This can be done in two ways: make apps that are either intuitively relevant to the employee’s function, with a narrowed down view of optimization opportunities and/or recommendations; or create problem-domain apps that focus on a particular problem that spans across a broader set of functions and process-centric areas.
With self-service data science, the employees who are immersed in a particular business function can leverage data to inform their actions without having to wait for resource-constrained data science teams to provide some analysis. This lowers the barrier to adoption, thus expanding the scope of data analytics impacting business results.
Right now, data scientists are unique and inhabit a world of their own. To unleash the power of data, businesses need to empower frontline workers to easily create their own analysis. This infuses intelligence throughout the organization and frees up the data scientists to innovate and work on the biggest breakthroughs for the enterprise. As data and data science become more approachable, every worker will be a data scientist.
The benefits of self-service data science are twofold. First, you get empowered business teams, who can leverage their contextual intelligence with the data science to get exciting business results. Secondly, data science becomes embedded in the way business employees work. You know you’ve reached your goal when you hear an employee say of the data science, “It’s just how I do my job.”
What does the data science capabilities mean for business users? Businesses are continually seeking competitive advantage, where there are a multitude of ways to use data and intelligence to under‐ pin strategic, operational, and execution practices. Business users today, especially with millenials (comfortable with the likes of Siri, Google Assistant, and Alexa) entering the work‐ force, expect an intelligent and personalized experience that can help them create value for their organization.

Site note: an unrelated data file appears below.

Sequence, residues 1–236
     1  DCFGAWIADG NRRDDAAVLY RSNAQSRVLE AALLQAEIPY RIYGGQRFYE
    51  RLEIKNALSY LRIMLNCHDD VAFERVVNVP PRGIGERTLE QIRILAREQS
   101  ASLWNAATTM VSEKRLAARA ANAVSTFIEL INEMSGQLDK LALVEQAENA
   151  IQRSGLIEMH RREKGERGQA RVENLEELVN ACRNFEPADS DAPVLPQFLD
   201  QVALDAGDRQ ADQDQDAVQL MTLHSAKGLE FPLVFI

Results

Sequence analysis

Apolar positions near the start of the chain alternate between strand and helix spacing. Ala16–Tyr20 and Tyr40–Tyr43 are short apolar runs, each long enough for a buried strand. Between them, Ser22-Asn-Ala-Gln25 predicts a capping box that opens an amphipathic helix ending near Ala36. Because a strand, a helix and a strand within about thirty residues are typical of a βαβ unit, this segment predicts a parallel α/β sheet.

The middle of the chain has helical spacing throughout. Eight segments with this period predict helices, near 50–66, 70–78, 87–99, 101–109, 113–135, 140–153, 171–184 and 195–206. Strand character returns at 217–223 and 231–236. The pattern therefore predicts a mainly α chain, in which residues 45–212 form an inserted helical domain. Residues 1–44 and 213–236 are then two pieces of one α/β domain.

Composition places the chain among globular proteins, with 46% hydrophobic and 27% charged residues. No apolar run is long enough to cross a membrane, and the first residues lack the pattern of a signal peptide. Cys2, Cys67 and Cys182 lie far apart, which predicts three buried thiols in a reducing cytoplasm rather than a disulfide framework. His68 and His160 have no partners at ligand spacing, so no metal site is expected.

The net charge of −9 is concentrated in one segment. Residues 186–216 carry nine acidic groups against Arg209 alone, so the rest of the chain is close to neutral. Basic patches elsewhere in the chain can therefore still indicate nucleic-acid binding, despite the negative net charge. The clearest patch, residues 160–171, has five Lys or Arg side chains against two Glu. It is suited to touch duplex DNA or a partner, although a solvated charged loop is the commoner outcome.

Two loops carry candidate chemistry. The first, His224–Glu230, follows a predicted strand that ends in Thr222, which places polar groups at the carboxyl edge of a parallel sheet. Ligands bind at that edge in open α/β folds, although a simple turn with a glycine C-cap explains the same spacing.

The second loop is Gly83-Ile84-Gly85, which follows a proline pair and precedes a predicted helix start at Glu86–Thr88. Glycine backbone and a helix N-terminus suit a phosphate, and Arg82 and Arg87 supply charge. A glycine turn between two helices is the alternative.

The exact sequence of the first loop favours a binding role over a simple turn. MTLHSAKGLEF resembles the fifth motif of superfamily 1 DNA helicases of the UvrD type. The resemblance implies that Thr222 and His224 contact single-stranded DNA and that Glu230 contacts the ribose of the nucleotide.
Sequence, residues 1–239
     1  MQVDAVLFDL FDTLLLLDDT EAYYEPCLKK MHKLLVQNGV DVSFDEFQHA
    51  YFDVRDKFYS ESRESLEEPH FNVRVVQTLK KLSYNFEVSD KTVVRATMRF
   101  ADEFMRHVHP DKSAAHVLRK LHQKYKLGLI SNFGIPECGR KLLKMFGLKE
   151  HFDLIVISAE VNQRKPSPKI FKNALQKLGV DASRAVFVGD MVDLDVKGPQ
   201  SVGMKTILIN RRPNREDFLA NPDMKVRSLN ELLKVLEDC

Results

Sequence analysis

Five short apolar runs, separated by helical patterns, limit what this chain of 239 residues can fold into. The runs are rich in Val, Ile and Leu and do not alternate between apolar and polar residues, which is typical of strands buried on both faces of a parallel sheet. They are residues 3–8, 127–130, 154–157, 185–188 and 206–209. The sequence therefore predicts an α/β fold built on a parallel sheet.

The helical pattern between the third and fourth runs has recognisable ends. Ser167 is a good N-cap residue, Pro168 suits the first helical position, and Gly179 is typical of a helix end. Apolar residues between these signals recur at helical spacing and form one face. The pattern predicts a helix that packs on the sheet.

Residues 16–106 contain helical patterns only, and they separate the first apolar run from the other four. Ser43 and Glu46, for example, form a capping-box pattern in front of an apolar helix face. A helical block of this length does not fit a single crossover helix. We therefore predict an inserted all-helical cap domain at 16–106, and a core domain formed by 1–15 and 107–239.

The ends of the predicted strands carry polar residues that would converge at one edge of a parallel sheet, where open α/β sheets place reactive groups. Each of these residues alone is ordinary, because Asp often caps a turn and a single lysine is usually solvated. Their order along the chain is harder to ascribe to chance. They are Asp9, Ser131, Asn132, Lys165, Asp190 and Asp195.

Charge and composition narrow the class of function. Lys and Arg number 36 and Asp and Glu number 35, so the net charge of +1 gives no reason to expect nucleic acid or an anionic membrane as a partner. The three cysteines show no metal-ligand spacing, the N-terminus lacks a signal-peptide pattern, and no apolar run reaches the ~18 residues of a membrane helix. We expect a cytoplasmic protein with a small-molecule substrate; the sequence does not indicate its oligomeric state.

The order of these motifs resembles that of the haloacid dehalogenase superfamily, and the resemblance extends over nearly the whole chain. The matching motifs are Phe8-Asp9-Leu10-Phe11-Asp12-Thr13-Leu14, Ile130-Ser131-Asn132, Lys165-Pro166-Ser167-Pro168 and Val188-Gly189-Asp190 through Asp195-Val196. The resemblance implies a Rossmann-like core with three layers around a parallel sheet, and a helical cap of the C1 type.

In short, data science drives innovation by arming everyone in an organization—from frontline employees to the board—with intelligence that connects the dots in data, bringing the power of new analytics to existing business applications, and unleashing new intelligent applications.
Data science enriches the value of data, going beyond what the data says to what it means for your organization—in other words, it turns raw data into intelligence that empowers everyone in your organization to discover new innovations, increase sales, and become more cost-efficient.
Data science is not just about geekiness and the realm of algorithms, had it been the case, every organization would have already employed army of monkeys and robust keyboards to churn out insights. Rather successful data science is all about a journey, lots of patience to experiment, an ecosystem of tools and technologies, and above all, it is all about deriving value.